One should be aware that suicidality is a complex issue, which requires an in-depth analysis and comprehension of the major underlying factors. It is easy for a professional to misunderstand the history of the client, which can translate into an ineffective treatment and intervention process. The reading offers two major takeaways, which are focused on client misunderstanding and ambivalence of patient in regards to suicide.
The first takeaway is rooted in the fact that previous suicide attempts should be carefully and properly comprehended. It is stated that “a history of one or more prior suicide attempts and a current suicide plan—are often misunderstood” (Yeager & Roberts, 2015, p. 49). In other words, previous suicide attempts should not be treated as a reliable predictor of future outcomes since the lack of attempts might not mean that a client will not commit suicide from the first attempt. The second takeaway is based on the notion of an ambivalent relationship between a patient and counselor. It is stated that “some patients may well be ambivalent about suicide, untrusting of the clinician or psychiatric screener, ashamed, or guarded and unwilling to share suicidal thoughts with a stranger” (Yeager & Roberts, 2015, p. 50). In other words, assessments need to account for the level of trust between a patient and professional since it also is predictive of lethal outcomes. The case of Harvey has low suicidality, whereas Maryann has medium suicidality, and Jet’s case has high suicidality. The main reason is the fact that Maryann has additional trauma due to the loss of her father, and Jet was initially resistant to treatment and re-traumatized, but Harvey recovered after the intervention.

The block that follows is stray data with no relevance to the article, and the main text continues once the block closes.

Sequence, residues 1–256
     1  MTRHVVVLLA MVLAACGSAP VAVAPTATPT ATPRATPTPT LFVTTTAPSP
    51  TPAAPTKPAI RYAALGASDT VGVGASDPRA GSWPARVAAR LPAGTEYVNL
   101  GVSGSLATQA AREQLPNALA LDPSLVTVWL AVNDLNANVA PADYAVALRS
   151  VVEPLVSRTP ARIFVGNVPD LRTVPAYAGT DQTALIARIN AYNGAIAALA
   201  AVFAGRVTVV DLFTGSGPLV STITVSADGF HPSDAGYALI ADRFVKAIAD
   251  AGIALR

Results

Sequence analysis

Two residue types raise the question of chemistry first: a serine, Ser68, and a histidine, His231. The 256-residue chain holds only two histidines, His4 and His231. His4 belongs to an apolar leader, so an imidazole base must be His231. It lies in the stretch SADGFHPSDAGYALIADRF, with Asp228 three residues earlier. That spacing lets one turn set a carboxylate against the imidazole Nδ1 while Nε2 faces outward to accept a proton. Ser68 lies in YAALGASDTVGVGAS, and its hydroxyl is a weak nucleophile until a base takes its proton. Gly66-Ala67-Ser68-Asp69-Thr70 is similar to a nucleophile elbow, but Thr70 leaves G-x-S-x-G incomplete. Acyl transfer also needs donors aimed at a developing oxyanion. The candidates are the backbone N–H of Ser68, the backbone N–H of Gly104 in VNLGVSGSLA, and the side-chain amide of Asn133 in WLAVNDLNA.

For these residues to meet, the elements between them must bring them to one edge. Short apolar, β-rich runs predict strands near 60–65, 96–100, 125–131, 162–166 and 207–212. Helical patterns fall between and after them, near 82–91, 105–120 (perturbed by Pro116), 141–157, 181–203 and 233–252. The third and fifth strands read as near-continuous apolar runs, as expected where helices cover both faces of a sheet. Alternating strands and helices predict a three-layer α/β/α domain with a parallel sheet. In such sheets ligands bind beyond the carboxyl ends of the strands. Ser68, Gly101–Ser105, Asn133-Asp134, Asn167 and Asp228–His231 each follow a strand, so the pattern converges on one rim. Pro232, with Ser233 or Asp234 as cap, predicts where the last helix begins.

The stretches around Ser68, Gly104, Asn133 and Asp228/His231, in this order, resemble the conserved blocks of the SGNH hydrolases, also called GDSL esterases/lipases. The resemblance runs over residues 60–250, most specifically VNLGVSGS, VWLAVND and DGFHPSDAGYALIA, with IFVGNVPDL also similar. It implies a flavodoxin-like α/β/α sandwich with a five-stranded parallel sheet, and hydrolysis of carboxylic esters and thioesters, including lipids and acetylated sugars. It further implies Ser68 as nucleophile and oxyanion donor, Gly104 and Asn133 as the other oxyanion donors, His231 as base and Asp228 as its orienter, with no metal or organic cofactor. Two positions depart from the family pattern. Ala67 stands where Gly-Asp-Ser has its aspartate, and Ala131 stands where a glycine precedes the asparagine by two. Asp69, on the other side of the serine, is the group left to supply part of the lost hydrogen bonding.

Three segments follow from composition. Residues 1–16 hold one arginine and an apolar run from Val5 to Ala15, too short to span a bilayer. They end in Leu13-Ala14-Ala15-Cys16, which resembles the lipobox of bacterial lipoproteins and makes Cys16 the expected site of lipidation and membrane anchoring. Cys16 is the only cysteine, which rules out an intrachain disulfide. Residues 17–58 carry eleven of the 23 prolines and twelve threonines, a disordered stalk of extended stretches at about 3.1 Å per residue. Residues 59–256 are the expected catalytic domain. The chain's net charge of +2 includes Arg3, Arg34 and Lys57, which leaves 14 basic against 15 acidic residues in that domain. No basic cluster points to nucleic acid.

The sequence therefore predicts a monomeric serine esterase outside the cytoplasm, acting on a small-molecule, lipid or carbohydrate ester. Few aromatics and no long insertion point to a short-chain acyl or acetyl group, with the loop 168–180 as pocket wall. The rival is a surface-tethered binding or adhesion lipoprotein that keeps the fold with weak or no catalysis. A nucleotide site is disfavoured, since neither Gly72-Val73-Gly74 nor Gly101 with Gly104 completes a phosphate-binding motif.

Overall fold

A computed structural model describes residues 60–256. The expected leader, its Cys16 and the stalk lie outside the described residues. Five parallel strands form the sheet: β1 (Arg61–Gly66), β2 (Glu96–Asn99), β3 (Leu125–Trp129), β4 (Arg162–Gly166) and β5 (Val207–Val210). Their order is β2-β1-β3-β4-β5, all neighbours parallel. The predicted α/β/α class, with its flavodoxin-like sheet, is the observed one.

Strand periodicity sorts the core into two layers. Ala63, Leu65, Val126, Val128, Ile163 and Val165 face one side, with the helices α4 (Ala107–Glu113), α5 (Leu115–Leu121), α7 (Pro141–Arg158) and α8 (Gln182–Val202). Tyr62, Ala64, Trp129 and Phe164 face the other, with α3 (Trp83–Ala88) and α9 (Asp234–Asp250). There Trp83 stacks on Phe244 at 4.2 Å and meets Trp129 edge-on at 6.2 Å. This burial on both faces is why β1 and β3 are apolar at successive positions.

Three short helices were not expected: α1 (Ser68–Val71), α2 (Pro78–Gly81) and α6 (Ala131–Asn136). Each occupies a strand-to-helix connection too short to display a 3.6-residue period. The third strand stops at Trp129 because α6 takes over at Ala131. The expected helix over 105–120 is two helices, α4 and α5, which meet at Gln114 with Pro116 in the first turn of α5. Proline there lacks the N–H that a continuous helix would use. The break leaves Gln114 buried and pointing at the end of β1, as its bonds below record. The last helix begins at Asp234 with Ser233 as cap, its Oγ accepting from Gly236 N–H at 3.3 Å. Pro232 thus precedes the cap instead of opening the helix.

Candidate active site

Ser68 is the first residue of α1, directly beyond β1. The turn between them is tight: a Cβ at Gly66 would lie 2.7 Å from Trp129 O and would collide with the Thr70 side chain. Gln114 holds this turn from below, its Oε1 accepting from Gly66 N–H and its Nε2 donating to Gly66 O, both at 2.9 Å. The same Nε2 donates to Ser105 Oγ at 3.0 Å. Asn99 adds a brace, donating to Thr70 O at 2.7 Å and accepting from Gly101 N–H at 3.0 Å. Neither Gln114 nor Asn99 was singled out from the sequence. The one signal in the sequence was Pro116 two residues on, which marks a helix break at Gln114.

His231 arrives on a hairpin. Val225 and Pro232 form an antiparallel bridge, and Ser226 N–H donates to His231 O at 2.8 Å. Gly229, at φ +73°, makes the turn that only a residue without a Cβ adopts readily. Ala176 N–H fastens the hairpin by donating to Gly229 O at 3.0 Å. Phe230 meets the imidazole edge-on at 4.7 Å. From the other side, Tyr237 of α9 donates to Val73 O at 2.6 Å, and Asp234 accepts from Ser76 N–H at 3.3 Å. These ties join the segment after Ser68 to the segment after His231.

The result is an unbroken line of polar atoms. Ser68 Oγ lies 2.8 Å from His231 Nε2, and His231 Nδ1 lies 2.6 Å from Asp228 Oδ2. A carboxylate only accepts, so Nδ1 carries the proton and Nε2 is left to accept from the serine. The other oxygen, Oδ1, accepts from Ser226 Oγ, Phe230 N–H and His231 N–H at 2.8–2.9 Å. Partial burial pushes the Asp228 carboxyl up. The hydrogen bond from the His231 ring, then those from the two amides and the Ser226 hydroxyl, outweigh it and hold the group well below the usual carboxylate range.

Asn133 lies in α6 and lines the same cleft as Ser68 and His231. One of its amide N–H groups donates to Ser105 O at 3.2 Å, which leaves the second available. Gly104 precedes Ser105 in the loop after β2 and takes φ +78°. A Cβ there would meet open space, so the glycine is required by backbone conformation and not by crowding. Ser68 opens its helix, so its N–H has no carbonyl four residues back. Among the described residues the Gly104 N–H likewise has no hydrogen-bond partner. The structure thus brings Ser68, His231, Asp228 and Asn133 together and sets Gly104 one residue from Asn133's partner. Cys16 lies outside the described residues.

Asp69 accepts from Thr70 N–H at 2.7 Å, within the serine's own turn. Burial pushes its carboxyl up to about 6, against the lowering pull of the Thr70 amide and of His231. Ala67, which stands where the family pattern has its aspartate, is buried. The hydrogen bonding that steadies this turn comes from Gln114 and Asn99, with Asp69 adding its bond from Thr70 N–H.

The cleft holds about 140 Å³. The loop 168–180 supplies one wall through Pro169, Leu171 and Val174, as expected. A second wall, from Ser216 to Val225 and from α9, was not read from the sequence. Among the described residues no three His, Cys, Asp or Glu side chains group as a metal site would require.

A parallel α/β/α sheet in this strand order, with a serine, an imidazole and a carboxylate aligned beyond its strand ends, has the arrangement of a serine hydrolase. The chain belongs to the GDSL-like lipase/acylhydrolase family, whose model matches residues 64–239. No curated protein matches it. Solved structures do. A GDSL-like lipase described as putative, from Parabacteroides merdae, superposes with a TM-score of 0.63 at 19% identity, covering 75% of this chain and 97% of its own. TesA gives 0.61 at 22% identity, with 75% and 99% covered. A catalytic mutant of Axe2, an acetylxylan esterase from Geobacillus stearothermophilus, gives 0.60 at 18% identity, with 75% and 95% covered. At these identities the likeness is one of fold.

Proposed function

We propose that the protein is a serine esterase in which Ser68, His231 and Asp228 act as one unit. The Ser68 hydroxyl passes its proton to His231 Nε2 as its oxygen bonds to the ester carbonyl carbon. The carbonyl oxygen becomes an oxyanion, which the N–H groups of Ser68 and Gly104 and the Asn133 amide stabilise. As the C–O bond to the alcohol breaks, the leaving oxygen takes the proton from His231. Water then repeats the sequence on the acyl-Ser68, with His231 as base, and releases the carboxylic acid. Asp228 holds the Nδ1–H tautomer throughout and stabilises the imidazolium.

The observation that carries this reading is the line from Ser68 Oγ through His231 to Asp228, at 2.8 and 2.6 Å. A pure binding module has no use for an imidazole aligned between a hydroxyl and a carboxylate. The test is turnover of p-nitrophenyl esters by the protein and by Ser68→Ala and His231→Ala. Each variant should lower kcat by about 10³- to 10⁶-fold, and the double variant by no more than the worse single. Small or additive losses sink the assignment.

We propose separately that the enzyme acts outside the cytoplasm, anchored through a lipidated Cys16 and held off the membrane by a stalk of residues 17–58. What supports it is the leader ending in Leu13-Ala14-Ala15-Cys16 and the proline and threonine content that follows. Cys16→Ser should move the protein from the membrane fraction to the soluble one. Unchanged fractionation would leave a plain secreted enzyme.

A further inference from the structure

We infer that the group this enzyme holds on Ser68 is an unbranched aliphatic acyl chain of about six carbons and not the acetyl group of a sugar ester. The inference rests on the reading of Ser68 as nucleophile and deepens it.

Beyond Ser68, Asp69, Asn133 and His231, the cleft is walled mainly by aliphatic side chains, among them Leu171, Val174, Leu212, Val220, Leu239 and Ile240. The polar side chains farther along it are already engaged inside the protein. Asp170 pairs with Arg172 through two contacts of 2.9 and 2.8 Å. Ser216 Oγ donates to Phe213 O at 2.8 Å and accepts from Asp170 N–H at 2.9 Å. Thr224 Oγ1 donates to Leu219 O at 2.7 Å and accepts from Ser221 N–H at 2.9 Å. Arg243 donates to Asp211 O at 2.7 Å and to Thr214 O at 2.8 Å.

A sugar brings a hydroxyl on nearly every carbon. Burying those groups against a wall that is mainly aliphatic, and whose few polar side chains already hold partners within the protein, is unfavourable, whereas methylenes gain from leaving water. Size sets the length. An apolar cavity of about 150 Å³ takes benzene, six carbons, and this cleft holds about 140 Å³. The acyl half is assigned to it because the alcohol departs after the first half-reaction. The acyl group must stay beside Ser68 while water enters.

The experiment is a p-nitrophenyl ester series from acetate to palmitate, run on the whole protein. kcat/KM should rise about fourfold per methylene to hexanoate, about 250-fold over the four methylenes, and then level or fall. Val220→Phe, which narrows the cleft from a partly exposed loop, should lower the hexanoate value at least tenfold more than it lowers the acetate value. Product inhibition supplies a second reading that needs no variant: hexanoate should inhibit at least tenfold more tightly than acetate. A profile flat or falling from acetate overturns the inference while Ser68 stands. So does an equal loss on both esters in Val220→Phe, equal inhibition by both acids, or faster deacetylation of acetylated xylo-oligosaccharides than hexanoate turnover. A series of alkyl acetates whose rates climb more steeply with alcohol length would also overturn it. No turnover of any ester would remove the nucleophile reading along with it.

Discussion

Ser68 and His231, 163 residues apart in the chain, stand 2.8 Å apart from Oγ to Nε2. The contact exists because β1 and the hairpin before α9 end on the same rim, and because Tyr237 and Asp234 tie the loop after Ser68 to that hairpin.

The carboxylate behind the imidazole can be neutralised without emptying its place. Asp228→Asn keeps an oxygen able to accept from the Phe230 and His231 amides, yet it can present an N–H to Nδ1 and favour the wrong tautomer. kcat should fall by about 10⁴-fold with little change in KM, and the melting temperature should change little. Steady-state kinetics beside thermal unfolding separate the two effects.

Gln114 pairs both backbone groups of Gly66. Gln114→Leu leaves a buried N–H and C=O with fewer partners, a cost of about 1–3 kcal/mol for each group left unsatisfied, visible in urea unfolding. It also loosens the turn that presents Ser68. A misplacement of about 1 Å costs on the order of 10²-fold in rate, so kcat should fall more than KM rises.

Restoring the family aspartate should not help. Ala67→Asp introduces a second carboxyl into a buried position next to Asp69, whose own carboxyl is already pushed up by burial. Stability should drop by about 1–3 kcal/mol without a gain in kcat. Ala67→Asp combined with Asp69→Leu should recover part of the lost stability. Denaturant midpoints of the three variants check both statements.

In conclusion, the degree of reliability of patient history and his or her ambivalence of trust are important to consider during the assessment.
Yeager, K. R., & Roberts, A. R. (2015). Crisis intervention handbook: Assessment, treatment, and research (4th ed.). Oxford University Press.